Spring break’s over: How do you send kids back to school?

Spring break feels very long for parents, and also for our kids. Here are tips which will help ease any transition between a vacation and school.

 Students walk to their classrooms at a public middle school in Los Angeles, California, Sep. 10, 2021.  (photo credit: ROBYN BECK / AFP)
Students walk to their classrooms at a public middle school in Los Angeles, California, Sep. 10, 2021.
(photo credit: ROBYN BECK / AFP)

Every time my friend returns from overseas she opens our conversation with the sentence "What a bummer it is to return to work." Yes, to return from a long trip, from a vacation to work, school or kindergarten,is something that needs to be dealt with. It’s not easy for adults, and certainly not for kids. But it can be done correctly and in a positive way.

Here are some tools to help you get your kids back on track after a break or holiday.

  • The way you see your kids returning to school depends on your attitude. If you respond to the idea negatively, then you'll probably have a hard time encouraging your kids. So, first, examine your approach to the issue. You know that in the circle of life we have work and study routines, we have weekdays and holidays, days when we celebrate special events like a birthday and many "normal" days.  All these days are part of our life and our yearly calendar.
  • Be happy and positive on days off with leisure activities, and on days of routine and work. Your kids watch you 24/7, and when they hear every day "what a hard day I had", "I don’t have the strength for this job", "I don’t want to start the week" they absorb this attitude. They’ll learn from you that work is hard and unpleasant. Replace these sentences with: “It’s fun to be on break  and go for a walk together" and "We’re happy to return to work, and thrilled that soon you'll be back in school.”
  • Explain to your kids that we can’t enjoy vacation if we have it all the time. Then it would be routine and not special. Having "both and both"  i.e. work/school and then vacation allows us to enjoy the days of freedom and recreation.
  •  Tell the kids that every person is in the place where he or she is fulfilling his or her role i.e. parents work, kids learn. At work or at school, parents and kids engage with colleagues or peers, can discuss skills and form connections, feel part of the workplace or school and know what’s expected of him/her.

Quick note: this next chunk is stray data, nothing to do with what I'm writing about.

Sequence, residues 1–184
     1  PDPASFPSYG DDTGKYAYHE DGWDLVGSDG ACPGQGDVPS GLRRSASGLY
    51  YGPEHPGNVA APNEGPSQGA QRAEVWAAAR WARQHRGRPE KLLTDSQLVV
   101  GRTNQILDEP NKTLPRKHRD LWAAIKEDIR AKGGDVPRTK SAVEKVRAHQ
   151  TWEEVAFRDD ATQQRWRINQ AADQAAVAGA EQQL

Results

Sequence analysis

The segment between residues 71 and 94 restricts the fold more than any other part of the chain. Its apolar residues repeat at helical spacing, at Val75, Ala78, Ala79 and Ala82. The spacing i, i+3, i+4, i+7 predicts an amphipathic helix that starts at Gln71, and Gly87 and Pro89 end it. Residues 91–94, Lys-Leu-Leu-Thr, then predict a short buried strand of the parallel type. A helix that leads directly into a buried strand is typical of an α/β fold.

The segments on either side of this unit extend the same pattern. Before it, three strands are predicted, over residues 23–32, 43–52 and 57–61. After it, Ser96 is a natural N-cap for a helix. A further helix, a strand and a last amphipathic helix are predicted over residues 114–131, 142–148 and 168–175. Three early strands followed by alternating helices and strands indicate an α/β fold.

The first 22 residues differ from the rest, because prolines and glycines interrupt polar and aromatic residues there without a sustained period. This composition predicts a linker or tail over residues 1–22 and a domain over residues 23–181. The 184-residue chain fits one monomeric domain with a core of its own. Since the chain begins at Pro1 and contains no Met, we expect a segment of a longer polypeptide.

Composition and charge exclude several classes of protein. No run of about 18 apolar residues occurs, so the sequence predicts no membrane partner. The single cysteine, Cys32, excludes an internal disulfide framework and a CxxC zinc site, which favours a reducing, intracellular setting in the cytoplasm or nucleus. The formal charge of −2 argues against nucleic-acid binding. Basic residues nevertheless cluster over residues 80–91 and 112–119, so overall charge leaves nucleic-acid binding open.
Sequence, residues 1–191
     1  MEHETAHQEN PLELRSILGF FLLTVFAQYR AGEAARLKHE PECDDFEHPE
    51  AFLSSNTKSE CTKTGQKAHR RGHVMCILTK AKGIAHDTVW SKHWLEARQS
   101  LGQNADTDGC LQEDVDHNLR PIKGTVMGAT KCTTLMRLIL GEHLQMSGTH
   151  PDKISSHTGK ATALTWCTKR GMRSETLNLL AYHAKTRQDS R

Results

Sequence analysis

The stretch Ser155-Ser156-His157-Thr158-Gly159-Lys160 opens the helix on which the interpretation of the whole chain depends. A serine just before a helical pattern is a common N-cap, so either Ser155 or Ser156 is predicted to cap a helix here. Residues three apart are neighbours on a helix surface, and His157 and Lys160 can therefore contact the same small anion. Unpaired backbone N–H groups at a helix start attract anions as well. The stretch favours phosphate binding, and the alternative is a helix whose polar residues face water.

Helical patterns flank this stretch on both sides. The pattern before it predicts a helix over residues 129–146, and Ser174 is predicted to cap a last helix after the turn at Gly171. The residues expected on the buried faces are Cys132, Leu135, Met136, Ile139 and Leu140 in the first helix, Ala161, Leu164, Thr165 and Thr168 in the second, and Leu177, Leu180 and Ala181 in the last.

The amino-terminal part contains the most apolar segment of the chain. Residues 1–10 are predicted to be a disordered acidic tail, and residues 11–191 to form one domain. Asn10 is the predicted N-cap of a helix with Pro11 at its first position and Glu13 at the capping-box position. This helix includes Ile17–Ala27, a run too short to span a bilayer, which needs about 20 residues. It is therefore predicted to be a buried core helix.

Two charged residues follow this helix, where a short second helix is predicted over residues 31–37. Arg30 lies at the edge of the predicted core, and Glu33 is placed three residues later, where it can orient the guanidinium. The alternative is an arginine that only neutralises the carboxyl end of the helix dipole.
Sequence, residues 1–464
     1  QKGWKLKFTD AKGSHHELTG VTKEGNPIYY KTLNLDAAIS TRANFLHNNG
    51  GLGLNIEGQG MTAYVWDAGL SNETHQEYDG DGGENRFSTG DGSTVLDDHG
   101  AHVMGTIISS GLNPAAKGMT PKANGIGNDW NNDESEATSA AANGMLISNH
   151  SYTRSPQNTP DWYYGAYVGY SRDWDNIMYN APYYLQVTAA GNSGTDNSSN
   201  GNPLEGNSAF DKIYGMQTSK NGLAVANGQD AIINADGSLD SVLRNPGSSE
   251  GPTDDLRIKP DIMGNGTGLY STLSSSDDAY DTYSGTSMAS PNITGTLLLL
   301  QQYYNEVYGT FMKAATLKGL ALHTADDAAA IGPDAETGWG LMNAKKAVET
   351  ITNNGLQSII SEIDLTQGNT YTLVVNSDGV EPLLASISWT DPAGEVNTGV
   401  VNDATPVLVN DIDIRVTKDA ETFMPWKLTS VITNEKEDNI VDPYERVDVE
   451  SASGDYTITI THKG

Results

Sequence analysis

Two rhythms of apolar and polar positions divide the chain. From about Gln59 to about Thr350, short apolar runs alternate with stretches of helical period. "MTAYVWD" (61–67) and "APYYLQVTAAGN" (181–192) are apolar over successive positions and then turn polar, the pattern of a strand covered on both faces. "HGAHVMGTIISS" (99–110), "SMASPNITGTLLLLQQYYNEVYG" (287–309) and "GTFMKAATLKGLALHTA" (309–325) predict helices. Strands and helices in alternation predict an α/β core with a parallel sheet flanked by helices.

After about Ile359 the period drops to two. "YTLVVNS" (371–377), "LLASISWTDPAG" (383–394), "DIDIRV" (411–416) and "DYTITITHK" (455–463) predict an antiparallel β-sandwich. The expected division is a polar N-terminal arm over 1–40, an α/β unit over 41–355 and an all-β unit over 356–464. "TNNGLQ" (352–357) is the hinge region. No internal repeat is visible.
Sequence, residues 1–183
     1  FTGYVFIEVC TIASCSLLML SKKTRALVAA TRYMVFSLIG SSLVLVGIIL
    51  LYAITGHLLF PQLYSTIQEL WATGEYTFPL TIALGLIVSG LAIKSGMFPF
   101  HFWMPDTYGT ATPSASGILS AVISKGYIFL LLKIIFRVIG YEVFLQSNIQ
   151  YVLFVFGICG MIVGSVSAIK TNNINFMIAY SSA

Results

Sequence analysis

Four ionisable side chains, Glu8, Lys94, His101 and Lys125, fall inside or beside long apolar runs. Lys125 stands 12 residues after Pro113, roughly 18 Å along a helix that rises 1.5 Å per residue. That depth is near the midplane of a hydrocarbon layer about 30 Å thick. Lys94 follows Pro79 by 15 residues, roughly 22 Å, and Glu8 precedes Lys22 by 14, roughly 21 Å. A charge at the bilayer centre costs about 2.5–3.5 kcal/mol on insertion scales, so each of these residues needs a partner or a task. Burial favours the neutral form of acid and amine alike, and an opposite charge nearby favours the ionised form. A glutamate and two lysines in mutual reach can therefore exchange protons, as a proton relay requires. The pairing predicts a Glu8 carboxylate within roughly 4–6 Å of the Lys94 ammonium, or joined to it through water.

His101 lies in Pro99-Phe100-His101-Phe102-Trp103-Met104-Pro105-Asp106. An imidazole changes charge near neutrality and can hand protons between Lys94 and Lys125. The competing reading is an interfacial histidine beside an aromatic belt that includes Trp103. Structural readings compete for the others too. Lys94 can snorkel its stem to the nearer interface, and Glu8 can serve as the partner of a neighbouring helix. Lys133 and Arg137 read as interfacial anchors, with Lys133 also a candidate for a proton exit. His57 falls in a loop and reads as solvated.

• Remind them how important it is that they learn with friends. Feedback at school creates confidence and certainty about their skills. Our kids, especially the young ones, don’t look at a clock and know what’s supposed to happen every minute. Kids physically feel their daily schedule;their body gives cues. They can anticipate what comes after what and this order calms them and provides a sense of security and certainty.
 STUDENTS LEARNING at a school in Tel Aviv (credit: CHEN LEOPOLD/FLASH90) STUDENTS LEARNING at a school in Tel Aviv (credit: CHEN LEOPOLD/FLASH90)

See things differently:

  1. Acknowledge their feelings and don’t be dismissive: "What do you want, two weeks off isn’t enough?
  2. Ask them what will help them and what is needed
  3. Show them on the calendar when school starts again
  4. A few days before returning to school and kindergarten, return to an early set bedtime

Make sure that their knapsacks are packed, that they did any work assigned during the break, check if they need new clothes, and ask which sandwich they want for the first day back.

Enforce routines while understanding that it’s a process and that adjustments are necessary, empathize yet stick to schedules
Remember, our children's ability to adapt themselves to changing situations strengthens their confidence and life skills. This builds mental resilience which will be crucial as they develop into teens and when they’re adults.
Yehudit Oliver is a certified parent counselor at the Adler Institute.